Figure 2. A321LR and stretched A322 versus most likely Boeing MOM alternatives. Source: Leeham Co.

As can be seen, the empty and takeoff weight of MOM7 is in the area of the equal capacity A322. This is due to the elliptical shape lowering the surface area which decreases both empty weight and wetted area. CFRP makes this possible without a significant weight penalty due to elliptical shape. A cylindrical variant, NLT7, gains around 2.5 tonnes empty mass and 3.5 tonnes MTOW over a more optimal elliptical variant. The result is better fuel consumption for the MOM7, in total 3% better than the equally configured circular MOM model on our 3,400nm sector and 2.7% better than a single aisle stretch of Airbus A321.

The efficiency of the clean sheet MOM alternatives and the re-winged/re-engined A322 fulfill the efficiency improvement criteria we set in Part 1, more than 20%. This is necessary to motive new designs as these costs in order of $10-15 billion dollars to develop. This investment would have to be amortized with around $10-15M per sold aircraft, so a substantial improvement over existing aircraft is necessary.

We have limited ourselves to the efficiency domain in this comparison. Should we have added Cash and Direct operating costs and revenue, the higher utilization of the dual aisle alternatives would have increased the competitive advantage versus a stretched Airbus alternative.


Our article series has shown that the MOM market is best served by a twin aisle aircraft if a clean sheet design shall be made. With classical fuselage design techniques, a twin aisle aircraft has a higher wetted area and higher empty weight. Boeing has patented an elliptical shape that can bring that close to the same values as a single aisle aircraft if CFRP design techniques are used.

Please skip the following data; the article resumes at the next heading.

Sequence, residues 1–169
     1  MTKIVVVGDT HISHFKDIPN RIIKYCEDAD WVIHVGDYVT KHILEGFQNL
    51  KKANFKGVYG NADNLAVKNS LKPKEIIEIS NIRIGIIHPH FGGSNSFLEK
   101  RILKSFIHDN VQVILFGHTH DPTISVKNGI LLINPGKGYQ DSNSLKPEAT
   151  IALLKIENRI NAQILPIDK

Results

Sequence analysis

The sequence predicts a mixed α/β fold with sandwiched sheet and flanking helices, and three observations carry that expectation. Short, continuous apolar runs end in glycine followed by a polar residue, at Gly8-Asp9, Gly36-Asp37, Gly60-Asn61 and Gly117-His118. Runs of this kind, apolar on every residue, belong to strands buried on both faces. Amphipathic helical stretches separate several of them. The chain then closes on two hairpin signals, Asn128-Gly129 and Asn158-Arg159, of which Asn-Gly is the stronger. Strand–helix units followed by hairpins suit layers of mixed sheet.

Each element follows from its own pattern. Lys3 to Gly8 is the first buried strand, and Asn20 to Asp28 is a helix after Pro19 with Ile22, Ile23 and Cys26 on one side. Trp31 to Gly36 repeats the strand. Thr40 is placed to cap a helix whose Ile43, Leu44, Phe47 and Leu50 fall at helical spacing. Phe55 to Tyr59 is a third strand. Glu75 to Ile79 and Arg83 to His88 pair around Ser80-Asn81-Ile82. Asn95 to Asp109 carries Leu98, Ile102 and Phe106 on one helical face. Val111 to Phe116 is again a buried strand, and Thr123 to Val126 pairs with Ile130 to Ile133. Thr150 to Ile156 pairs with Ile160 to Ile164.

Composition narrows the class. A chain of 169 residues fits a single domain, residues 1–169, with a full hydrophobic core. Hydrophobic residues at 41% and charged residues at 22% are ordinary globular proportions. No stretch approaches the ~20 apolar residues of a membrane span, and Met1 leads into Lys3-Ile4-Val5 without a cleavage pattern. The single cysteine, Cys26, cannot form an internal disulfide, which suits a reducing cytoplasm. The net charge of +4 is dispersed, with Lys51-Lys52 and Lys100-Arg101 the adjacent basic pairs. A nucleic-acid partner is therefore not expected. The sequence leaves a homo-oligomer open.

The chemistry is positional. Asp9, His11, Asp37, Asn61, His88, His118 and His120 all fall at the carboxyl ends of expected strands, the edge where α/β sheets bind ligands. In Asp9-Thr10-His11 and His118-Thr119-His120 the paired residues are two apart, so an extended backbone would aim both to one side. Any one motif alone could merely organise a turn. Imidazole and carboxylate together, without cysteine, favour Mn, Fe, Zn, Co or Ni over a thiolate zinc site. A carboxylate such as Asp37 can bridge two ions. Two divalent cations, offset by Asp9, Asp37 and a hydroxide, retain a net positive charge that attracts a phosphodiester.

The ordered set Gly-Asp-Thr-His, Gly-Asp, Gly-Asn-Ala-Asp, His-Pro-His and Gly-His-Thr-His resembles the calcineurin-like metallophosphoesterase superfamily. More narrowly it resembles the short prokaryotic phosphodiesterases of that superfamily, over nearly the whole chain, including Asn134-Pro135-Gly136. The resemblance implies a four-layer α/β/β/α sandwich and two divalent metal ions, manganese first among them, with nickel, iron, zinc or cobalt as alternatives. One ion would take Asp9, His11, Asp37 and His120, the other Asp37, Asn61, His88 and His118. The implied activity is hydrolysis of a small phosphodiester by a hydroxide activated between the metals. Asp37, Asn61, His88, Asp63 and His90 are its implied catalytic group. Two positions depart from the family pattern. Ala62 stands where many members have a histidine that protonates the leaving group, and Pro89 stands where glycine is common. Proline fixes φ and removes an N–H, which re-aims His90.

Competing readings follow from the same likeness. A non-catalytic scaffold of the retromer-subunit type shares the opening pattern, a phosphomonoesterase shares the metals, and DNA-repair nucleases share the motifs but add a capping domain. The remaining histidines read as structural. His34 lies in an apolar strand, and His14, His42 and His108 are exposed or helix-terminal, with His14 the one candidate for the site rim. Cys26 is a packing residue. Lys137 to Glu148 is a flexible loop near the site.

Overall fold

The higher production costs of a CFRP dual aisle aircraft means it has to use its advantages in turn around time to increase revenue and spread fixed cost over a larger transported passenger base to amortize a higher price than a competing aluminum aircraft. For the same reason Airbus’ most likely move to a Boeing MOM development would be a further stretch of A321 to a larger A322 carrying 30-40 more passengers. Equipped with a CFRP wing and the same engine generation as a Boeing MOM design, it would only trail with around 3% in fuel consumption. Due to lower development and production costs it should be able to be competitive by using purchase price as the lever.

Airbus, which has a competitive existing cross section for the market, would therefore most likely refrain from a clean sheet design and stay with a lower risk stretch alternative. Boeing has no choice, to participate in this market a new aircraft is needed.